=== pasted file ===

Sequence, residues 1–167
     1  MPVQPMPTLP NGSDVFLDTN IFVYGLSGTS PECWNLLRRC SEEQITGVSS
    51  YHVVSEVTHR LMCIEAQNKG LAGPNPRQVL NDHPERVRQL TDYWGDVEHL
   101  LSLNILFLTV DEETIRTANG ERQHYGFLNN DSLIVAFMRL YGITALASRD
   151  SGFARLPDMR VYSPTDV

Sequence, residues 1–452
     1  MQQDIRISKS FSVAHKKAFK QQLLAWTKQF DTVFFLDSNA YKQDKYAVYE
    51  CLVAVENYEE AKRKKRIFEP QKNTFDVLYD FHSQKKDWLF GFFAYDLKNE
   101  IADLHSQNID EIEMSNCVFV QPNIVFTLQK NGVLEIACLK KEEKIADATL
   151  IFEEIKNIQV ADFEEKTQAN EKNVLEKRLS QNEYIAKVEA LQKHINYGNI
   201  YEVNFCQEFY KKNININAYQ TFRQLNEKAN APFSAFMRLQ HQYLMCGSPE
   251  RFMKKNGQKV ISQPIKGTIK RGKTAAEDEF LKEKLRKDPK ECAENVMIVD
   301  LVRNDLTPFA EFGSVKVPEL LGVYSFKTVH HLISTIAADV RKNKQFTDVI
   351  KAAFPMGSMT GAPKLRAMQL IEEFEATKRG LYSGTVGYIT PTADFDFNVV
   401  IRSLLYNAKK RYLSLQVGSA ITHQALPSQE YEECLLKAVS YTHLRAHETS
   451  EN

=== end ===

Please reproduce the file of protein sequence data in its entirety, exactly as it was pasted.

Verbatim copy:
Sequence, residues 1–167
     1  MPVQPMPTLP NGSDVFLDTN IFVYGLSGTS PECWNLLRRC SEEQITGVSS
    51  YHVVSEVTHR LMCIEAQNKG LAGPNPRQVL NDHPERVRQL TDYWGDVEHL
   101  LSLNILFLTV DEETIRTANG ERQHYGFLNN DSLIVAFMRL YGITALASRD
   151  SGFARLPDMR VYSPTDV

Sequence, residues 1–452
     1  MQQDIRISKS FSVAHKKAFK QQLLAWTKQF DTVFFLDSNA YKQDKYAVYE
    51  CLVAVENYEE AKRKKRIFEP QKNTFDVLYD FHSQKKDWLF GFFAYDLKNE
   101  IADLHSQNID EIEMSNCVFV QPNIVFTLQK NGVLEIACLK KEEKIADATL
   151  IFEEIKNIQV ADFEEKTQAN EKNVLEKRLS QNEYIAKVEA LQKHINYGNI
   201  YEVNFCQEFY KKNININAYQ TFRQLNEKAN APFSAFMRLQ HQYLMCGSPE
   251  RFMKKNGQKV ISQPIKGTIK RGKTAAEDEF LKEKLRKDPK ECAENVMIVD
   301  LVRNDLTPFA EFGSVKVPEL LGVYSFKTVH HLISTIAADV RKNKQFTDVI
   351  KAAFPMGSMT GAPKLRAMQL IEEFEATKRG LYSGTVGYIT PTADFDFNVV
   401  IRSLLYNAKK RYLSLQVGSA ITHQALPSQE YEECLLKAVS YTHLRAHETS
   451  EN